The first thing I originally tried that didn't work - and led to my original post - was simply bending the whole wire coil at some point close to the center (beyond the hammer strike zone). It would seem that one could move the coil into the right position by doing that. Instead, each try inevitable pulled the coil further from the backboard and otherwise messed it up.

Using tools didn't work well for me, either. Since the jewelers on YouTube fixed hair springs using two tweezers, I covered the jaws of a couple of vise grips with a few layers of electrical tape and experimented in a some areas of the wire coil. After many test bends and do-overs, I decided that technique was more difficult to control and less effective than shaping the coil by hand. (I didn't bother to try smaller pliers.)

Cumbersome, to say the least:
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What worked best for me was to make slight bend corrections by hand in very short sections of 1" to 2", firmly holding both points of each section and bending the outermost point (with respect to the outer end of the coil) toward the backboard. (Nitrile gloves are a plus, since the wire is hard on the fingers.) If the coil has spread too wide, bend the outermost point off the small section also toward the middle. This will narrow the distance between the coils. When (not "if") the coil plane twists out of parallel alignment to the backboard, the next 1" to 2" section should also be bent at a slight angle to bring the coil parallel again. It was very time consuming, starting just outside the hammer strike zone and working all the way around the coil to the outside end. I've got to say that by the time you've massaged every inch of the coil, it becomes relatively easy to fine tune the sections or loops of wire that aren't lined up right.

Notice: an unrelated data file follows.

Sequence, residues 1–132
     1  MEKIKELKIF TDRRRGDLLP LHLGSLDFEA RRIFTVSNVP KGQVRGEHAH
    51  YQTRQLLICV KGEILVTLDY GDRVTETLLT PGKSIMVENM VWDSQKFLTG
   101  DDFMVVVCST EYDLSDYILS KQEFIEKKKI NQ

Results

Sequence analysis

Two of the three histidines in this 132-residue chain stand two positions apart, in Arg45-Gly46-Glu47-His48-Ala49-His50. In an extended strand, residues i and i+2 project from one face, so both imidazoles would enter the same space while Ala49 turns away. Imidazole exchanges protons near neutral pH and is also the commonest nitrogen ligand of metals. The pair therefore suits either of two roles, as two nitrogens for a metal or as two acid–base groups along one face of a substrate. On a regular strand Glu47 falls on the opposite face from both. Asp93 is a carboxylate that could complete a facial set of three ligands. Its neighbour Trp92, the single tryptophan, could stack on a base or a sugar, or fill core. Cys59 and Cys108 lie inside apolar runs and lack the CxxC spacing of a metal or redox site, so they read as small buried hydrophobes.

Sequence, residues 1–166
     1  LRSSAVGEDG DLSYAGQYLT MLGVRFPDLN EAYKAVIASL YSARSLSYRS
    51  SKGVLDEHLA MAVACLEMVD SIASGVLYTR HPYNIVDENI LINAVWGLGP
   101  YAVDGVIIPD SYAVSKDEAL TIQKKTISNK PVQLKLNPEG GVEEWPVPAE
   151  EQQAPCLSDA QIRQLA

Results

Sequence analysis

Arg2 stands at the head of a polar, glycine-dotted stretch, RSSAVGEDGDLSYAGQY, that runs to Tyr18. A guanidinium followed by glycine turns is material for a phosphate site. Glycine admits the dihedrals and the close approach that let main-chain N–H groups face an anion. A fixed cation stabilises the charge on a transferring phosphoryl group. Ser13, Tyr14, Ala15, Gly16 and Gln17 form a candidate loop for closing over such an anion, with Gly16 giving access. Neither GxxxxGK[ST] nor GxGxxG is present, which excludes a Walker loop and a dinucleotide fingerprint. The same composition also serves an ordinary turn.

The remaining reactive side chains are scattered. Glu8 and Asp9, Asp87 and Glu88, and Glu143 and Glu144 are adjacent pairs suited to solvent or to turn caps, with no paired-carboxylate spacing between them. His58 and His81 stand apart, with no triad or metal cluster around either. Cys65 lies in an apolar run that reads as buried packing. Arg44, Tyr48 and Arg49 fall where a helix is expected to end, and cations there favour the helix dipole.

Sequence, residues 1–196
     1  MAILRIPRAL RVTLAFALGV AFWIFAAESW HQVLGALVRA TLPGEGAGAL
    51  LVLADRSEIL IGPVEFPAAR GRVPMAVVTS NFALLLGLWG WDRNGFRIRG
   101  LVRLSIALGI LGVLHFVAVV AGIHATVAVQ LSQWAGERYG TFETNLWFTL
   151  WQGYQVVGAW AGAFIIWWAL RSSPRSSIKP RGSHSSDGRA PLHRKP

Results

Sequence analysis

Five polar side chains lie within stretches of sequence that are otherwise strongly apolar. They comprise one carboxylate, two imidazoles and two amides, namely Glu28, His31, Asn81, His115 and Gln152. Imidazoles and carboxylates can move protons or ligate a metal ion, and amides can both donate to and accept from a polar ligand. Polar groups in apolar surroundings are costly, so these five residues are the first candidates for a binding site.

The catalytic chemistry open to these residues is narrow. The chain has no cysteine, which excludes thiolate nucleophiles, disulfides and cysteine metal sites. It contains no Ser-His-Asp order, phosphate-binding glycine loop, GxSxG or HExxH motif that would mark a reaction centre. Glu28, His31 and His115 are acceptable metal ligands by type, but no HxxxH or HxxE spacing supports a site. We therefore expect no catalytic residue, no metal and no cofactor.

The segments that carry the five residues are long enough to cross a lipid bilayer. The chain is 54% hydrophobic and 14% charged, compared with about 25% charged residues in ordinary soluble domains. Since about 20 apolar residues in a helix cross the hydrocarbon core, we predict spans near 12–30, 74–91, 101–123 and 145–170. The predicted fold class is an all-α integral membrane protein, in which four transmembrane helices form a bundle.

Inch-by-inch - Hold wire closest to the backboard mount stationary; apply bending tension to wire closest to outer end:
20210307_230741.jpg

The gong is now close enough to the backboard and loops aligned in the same plane so that it vibrates freely without touching anything. The improvement results in it going from "clank", "clatter", or "clunk", depending on my previous tries to shape and position the coil, to a satisfyingly long, resonating "clang".

Aligned parallel and close to the backboard:
20210307_232247.jpg

20210212_151059_1.gif
 
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shutterbug

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Thanks for the description. I'm sure it will help others with the same issue. I'm happy for your success! :thumb: